ORIGINAL ARTICLE
Year : 2015  |  Volume : 9  |  Issue : 2  |  Page : 165-169

Can chest ultrasonography differentiate between benign and malignant effusions?


Department of Chest Diseases, Assiut University Hospital, Assiut University, Assiut, Egypt

Correspondence Address:
Wafaa A Hassan
Department of Chest Diseases, Assiut University Hospital, Assiut University, PO Box (1), 71111 Assiut
Egypt
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Source of Support: None, Conflict of Interest: None


DOI: 10.4103/1687-8426.158061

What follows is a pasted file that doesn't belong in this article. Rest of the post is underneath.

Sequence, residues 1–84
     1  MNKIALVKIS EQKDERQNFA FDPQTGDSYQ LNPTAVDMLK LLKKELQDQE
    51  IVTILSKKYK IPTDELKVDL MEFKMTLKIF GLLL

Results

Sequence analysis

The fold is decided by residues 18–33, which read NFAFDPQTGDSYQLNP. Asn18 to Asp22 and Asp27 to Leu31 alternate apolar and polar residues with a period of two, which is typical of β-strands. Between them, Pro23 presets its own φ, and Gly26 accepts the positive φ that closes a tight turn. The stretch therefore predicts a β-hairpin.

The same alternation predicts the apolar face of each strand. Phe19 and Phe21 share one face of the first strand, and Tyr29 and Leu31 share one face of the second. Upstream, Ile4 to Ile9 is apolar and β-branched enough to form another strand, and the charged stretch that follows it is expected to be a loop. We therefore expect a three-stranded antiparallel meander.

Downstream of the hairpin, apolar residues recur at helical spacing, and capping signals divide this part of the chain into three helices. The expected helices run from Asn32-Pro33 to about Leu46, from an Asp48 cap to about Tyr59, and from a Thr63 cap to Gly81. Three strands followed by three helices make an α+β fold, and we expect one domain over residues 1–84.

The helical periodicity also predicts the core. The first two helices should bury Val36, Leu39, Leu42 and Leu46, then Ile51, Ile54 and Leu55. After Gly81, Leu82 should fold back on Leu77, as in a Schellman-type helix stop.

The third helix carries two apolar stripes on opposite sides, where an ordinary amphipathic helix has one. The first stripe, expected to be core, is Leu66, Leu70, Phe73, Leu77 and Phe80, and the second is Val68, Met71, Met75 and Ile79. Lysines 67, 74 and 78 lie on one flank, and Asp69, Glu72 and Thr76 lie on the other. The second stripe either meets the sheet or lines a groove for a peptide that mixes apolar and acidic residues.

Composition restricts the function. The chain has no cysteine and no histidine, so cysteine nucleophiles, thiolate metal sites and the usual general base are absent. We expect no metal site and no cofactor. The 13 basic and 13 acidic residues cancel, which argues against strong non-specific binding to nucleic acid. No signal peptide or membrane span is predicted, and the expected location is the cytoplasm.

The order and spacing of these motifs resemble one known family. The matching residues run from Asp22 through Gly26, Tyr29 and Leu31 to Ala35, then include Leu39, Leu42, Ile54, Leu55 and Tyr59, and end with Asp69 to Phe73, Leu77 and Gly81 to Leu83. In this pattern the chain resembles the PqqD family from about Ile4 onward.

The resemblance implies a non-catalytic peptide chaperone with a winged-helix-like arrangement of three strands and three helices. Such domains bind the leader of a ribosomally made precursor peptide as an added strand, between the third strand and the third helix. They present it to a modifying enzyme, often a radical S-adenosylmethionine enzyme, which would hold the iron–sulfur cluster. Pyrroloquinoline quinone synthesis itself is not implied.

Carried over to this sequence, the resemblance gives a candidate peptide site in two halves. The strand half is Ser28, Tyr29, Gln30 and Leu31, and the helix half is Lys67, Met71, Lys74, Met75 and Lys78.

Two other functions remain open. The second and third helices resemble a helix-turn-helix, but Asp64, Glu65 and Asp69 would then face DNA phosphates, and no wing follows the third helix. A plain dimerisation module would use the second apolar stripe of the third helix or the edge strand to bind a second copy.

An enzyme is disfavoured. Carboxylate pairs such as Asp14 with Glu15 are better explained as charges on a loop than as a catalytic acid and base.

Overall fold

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Background: The differential diagnosis of exudative pleural effusion is a major challenge for chest physicians particularly in a country with limited financial resources. Objective: The aim of this study was to evaluate the role of the sonographic features in the prediction of exudative malignant pleural effusion. Design: This was a prospective cross-sectional study. Setting: This study was carried out between May 2013 and June 2014 in the Chest Department of Assiut University Hospital. Patients: The patients enrolled included 25 patients with malignant pleural effusion and 25 patients with other different benign causes. Main outcome measures: The sonographic appearances of pleural effusions were defined in terms of five patterns: anechoic, complex septated, complex nonseptated, pleural thickening, and pleural nodules. Results: Among the 25 malignant exudative pleural effusions, a complex nonseptated pattern is a useful diagnostic predictor, with sensitivity, specificity, positive predictive value, and negative predictive value of 60, 68, 65, and 63%, respectively. Pleural nodules were only found in malignant effusion (100% specificity). If we define the complex septated sonographic pattern as a predictor for benign effusion, we can achieve sensitivity, specificity, positive predictive value, and negative predictive value of 52, 88, 81, and 65%, respectively. Conclusion: Pleural nodules and a complex nonseptated pattern in the sonographic appearance are useful predictors of malignant pleural effusions, whereas a complex septated pattern is a useful predictor in nonmalignant effusion.


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